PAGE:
Fig. S3

The micropylar cell is pH3 negative.

Immunofluorescence of F-actin and pH3 in wild type oocytes. The pH3 signal was not found in the micropylar cell (n = 70 oocytes). Insets are high magnification images of the micropyle in the yellow boxed area. Yellow arrow, pH3 positive cell, Scale bar, 100 μm; insets, 20 μm.

Fig. S4

Transient disturbance of actin or Myosin does not significantly affect morphology of the micropylar cell.

(A-C’”) Immunofluorescence shows Taz and F-actin in sectioned stage III oocytes after Latrunculin B (B-B’”, n = 7) or Blebbistain (C-C’”, n = 6) treatment. DMSO is the control (A-A’”, n = 7). Transient inhibition of actin polymerization (Latrunculin B) or Myosin II ATPase activity (Blebbistain) does not remarkably affect morphology of the micropylar cell (B”-C”). However, Latrunculin B treatment leads to cytoplasmic retention of Taz in the micropylar cell (6/7, B”), while Blebbistain does not (0/6, C”). Scale bar, 10 μm.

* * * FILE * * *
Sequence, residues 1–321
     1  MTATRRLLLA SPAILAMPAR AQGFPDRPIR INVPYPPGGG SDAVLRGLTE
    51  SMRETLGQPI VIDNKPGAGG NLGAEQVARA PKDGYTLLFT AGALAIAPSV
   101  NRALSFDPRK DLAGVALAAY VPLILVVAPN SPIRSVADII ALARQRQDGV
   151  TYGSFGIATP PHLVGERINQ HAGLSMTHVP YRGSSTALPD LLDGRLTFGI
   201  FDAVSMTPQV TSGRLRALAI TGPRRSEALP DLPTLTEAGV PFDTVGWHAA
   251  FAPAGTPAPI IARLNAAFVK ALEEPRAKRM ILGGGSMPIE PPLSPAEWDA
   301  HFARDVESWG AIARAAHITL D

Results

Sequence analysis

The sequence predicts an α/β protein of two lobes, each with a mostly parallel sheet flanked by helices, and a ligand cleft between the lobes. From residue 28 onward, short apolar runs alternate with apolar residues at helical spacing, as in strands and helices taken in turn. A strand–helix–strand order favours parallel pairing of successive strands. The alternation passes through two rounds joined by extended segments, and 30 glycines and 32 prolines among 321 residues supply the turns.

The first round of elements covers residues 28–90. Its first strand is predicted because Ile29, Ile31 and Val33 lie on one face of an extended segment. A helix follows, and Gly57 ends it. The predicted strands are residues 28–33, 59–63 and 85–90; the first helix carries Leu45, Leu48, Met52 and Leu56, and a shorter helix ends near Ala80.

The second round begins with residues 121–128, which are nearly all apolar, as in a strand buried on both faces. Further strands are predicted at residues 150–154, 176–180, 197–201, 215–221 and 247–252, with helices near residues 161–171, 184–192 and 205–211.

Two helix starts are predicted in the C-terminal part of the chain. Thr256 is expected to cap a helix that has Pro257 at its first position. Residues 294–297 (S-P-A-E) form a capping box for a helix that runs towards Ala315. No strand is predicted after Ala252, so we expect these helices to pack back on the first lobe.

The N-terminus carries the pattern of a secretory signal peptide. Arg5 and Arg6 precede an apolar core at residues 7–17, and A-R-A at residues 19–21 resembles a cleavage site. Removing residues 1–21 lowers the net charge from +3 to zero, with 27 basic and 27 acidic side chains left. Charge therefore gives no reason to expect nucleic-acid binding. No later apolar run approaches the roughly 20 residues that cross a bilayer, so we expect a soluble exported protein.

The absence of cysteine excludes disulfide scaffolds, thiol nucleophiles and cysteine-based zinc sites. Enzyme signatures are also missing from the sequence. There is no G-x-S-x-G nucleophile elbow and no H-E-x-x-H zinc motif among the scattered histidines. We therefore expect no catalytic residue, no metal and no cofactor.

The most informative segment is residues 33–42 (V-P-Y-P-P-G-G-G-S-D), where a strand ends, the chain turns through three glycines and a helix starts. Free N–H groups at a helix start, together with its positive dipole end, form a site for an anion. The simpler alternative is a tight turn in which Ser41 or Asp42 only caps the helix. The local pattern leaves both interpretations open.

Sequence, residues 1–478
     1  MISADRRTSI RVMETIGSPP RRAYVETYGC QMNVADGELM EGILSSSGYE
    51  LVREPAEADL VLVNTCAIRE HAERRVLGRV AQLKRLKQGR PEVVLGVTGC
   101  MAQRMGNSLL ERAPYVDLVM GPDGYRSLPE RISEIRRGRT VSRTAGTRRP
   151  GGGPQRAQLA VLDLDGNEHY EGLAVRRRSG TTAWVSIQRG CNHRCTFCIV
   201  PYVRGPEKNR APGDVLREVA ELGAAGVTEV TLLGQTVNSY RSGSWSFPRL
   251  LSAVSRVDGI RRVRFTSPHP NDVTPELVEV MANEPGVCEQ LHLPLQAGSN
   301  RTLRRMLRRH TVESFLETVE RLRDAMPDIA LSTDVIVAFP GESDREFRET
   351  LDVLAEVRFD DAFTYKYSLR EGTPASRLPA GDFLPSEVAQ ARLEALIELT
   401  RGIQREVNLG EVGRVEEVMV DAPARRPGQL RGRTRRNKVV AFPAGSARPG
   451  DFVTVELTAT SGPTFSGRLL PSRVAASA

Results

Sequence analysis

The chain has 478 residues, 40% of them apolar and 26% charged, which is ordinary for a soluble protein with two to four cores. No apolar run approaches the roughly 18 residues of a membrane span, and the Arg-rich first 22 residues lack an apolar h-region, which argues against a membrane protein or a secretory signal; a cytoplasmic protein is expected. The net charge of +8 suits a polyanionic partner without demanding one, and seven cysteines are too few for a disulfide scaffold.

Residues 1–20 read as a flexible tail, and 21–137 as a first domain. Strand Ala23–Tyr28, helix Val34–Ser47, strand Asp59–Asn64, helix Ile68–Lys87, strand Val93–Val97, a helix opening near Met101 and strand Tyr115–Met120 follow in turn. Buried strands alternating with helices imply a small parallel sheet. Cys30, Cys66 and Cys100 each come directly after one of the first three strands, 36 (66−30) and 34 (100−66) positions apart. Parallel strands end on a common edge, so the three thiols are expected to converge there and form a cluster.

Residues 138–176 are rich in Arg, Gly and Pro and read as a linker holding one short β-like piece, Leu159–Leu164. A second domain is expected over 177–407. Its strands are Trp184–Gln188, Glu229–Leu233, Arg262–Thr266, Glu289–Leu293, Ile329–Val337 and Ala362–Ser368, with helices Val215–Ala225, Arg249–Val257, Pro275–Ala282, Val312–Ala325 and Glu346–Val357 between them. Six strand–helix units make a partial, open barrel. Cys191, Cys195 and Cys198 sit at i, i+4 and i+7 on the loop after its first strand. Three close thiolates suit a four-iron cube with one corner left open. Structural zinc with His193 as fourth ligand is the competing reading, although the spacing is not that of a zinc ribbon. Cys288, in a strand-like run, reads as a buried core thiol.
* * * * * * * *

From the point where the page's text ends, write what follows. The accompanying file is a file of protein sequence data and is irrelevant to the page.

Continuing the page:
ZFIN wishes to thank the journal PLoS Genetics for permission to reproduce figures from this article. Please note that this material may be protected by copyright. Full text @ PLoS Genet.